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When Jordan Henderson left Liverpool to join Al-Ettifaq, his move was met with widespread scrutiny. This was a player who had been at the forefront of LGBTQ+ issues within football and appeared to have a genuine interest in bringing about positive change. By moving to Saudi Arabia, thus ignoring rights issues within the state, Henderson has lost the right to be seen as the hero he once was.

His recent interview with The Athletic plainly patronises those criticising. Henderson, a player seen by many in this nation as a leader, has proven himself to be nothing more than a coward. Throughout the interview, Henderson’s crass obsession with his desire to feel “wanted” is clear. By positioning himself as an outcast at Liverpool, Henderson tries to remove a sense of responsibility from his transfer.

As Henderson would have you believe, the kindness of Gerrard and Al-Ettifaq saved him from being a Jürgen Klopp cast-off. They also provided him with a “project”, a favourite buzzword of footballers to signal that they are helping to build a team from the ground up. The notion that a 33-year-old Champions-League-winning captain could have such a strong investment in this project, however, is incredibly hard to believe.

It is yet another example of a level of ignorance so widespread within the modern game that players feel they can continue to peddle lies about how little influence money has within their decision-making. By both doubling down on his excitement surrounding Al-Ettifaq and the Saudi Pro League and tiptoeing around the issue of wages, Henderson is showing just how out of touch football has become with reality. The fact that he believes the millions who will read the interview will simply believe him only proves his sense of entitlement.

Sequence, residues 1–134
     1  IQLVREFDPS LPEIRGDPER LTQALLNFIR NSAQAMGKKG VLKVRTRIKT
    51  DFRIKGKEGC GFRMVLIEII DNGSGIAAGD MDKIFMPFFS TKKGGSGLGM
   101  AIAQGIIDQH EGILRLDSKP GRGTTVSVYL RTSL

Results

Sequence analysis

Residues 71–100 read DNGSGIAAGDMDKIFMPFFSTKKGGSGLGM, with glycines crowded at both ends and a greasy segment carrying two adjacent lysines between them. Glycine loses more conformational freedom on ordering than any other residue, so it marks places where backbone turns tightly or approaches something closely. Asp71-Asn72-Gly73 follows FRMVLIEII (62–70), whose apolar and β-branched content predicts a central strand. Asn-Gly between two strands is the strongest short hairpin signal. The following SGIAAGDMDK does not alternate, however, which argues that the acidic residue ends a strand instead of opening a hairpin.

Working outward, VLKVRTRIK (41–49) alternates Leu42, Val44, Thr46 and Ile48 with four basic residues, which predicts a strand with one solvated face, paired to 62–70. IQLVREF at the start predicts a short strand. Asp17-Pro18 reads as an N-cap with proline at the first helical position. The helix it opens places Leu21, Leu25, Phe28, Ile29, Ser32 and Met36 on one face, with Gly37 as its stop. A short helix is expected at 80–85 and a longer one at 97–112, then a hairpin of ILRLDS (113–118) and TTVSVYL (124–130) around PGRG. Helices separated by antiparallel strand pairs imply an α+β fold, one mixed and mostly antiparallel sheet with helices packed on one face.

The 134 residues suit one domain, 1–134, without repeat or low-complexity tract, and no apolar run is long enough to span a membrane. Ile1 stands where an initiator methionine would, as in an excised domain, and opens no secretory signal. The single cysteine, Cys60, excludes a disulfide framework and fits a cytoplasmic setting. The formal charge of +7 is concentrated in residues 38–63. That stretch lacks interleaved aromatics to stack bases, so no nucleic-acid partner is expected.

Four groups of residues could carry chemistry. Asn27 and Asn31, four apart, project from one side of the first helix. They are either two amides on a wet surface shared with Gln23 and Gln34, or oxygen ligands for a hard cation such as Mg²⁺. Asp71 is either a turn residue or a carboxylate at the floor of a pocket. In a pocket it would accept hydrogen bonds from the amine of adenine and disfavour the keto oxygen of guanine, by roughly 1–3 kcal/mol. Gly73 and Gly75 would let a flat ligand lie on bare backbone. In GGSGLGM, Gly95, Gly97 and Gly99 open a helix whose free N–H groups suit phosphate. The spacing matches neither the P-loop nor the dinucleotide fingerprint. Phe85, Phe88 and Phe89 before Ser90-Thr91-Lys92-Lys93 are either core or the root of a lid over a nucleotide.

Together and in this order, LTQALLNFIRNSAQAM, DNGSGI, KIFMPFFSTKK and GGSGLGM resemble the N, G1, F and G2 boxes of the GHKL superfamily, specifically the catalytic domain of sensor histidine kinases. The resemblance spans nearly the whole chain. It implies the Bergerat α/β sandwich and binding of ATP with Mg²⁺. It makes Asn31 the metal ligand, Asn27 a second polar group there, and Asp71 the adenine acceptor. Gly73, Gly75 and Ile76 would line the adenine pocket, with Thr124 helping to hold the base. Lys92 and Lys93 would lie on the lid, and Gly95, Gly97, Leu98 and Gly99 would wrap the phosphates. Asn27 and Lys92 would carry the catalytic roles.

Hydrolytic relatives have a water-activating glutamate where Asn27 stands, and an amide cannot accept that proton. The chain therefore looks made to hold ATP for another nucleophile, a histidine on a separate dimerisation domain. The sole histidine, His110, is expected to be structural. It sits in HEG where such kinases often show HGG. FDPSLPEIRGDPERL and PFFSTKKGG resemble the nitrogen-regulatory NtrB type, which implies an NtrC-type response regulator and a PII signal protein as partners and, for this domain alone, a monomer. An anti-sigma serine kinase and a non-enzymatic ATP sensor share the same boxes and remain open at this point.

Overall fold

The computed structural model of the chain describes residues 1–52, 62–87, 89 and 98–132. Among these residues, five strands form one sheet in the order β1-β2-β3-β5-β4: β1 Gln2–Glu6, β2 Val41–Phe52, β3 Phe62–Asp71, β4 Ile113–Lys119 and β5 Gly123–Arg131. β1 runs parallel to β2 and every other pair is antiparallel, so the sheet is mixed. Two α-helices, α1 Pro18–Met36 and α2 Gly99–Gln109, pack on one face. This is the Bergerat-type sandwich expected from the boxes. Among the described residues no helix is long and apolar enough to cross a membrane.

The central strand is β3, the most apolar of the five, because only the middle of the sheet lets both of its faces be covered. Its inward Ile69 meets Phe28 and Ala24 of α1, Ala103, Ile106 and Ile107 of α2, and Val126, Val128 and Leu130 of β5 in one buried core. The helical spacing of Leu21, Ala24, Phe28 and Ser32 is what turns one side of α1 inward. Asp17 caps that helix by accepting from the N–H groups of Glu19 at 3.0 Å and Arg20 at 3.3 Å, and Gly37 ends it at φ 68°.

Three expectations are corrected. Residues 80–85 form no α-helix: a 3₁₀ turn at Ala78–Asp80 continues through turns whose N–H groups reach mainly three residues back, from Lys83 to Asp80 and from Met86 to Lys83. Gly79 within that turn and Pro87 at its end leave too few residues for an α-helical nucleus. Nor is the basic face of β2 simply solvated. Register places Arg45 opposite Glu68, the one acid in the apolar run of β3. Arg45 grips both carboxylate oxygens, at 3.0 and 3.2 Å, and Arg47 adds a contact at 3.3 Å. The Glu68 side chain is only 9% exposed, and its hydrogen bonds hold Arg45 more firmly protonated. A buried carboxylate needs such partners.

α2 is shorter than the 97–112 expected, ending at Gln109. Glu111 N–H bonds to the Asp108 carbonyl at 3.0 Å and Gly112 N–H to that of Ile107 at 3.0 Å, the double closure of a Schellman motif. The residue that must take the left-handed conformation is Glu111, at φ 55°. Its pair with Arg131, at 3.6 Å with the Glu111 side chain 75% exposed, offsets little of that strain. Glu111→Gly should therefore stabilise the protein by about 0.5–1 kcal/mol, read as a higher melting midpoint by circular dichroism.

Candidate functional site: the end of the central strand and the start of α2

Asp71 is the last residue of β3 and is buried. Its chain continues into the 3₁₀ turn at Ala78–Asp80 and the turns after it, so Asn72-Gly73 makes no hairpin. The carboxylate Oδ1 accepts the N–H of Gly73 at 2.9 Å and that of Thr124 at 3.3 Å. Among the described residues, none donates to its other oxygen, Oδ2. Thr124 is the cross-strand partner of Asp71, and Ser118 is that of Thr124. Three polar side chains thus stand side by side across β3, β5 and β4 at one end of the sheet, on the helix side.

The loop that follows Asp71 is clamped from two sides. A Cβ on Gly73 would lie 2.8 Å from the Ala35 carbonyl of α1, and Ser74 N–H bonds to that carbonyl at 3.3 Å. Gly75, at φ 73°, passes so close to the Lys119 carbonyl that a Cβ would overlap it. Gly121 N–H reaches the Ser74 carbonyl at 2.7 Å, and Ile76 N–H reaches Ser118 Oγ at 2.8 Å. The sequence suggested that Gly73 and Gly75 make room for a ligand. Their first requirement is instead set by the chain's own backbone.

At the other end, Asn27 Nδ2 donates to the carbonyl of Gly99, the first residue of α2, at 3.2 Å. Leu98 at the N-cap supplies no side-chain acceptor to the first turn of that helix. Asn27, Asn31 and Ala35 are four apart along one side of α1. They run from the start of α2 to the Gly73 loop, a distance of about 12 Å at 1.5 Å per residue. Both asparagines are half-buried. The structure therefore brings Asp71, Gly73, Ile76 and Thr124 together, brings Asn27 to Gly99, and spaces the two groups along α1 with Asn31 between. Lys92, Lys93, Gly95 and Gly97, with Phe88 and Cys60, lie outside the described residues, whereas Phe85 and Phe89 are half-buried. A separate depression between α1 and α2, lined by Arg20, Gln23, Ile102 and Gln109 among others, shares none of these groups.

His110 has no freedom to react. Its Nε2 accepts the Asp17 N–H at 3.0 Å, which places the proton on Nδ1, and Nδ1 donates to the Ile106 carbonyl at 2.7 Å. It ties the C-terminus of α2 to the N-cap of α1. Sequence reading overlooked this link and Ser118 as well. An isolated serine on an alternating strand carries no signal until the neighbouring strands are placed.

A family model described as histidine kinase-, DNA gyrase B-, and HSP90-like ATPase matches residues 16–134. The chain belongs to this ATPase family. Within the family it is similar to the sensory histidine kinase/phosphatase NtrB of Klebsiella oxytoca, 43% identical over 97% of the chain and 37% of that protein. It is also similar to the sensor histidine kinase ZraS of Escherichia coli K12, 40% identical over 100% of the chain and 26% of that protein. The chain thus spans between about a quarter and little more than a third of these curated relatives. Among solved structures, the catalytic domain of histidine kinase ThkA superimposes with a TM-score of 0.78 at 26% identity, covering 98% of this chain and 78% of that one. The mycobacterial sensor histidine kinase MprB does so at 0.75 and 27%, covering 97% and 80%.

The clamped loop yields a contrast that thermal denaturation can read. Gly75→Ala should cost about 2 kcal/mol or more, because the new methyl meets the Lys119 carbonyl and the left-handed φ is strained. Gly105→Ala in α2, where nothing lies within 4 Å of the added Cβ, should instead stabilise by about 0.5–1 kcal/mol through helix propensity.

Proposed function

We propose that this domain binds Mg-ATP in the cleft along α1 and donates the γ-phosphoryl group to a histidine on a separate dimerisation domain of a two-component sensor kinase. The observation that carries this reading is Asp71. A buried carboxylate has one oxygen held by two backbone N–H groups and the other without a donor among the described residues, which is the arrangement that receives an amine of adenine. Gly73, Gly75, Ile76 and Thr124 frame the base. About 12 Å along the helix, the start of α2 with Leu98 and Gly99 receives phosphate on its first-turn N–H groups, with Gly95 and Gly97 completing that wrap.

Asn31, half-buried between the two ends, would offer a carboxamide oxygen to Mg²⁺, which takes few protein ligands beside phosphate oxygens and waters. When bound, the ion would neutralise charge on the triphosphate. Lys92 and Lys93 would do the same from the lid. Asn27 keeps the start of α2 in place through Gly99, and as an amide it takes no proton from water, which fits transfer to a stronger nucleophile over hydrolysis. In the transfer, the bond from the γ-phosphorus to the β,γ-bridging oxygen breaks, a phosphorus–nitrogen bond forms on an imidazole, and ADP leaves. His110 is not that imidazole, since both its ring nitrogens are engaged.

Most sickening of all, however, are Henderson’s responses when questioned on the Saudi Arabian approach to LGBTQ+ rights. It demonstrates a level of evasiveness so commonly attributed to the politicians of today. Each answer involves ambiguity where he was once emphatically clear. Even when initially answering questions concerning the treatment of the LGBTQ+ community, Henderson jumps to prematurely defend himself. The ever-so-overused “I’m not a politician” line is bandied about with ease.

Worse, though, is when he so casually says: “I think there was always going to be criticism regardless of what I did, whether I stayed, whether I went.” Henderson is equating the footballing criticisms aimed at him if he was to stay at Liverpool an extra season with the much more serious criticisms levied against him for endorsing the actions of the state of Saudi Arabia. He has the gall to suggest that any criticism is the same. All bad, all inevitable. The inability to separate the two is dangerously tone-deaf.

Henderson goes on to recite his experiences at the 2022 Qatar World Cup, one of the plainest examples of manufactured sportswashing you’ll find, as a counterpoint to the experiences of many LGBTQ+ citizens in the Arab world. Once again, astonishingly insulting.

Every time, when probed by Adam Crafton and David Ornstein, Henderson proves that his primary concern is himself. He is quick to highlight all the work he’s done for the LGBTQ+ community before. The laces. The armbands. I do not wish for one second to undermine the importance of initiatives such as these for bringing visibility and awareness. However, Henderson’s use of his past actions to justify his current decisions simply does not work. No one is denying his work in the past, they are simply highlighting how this intensifies the problems with his decision this summer.


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The final kick in the teeth comes when he says (in regard to the negative reaction since joining Al-Ettifaq): “I think a lot of it is on social media … which I don’t get involved with.” By separating social media from reality, he tries, for a final time, to undermine the criticism. Intentionally or not, he equates social media condemnation with internet trolls. Football has a real issue with online trolling. Criticising a man who was once a leading advocate and voice for the LGBTQ+ community in English football for abandoning those morals, however, does not by any means fall under that issue.

Ultimately, the interview provides another damning example of football and its self-entitlement. Henderson is one of many, a fact that must be emphasised. However, if a person such as him can put a price on his values, then who on earth can’t?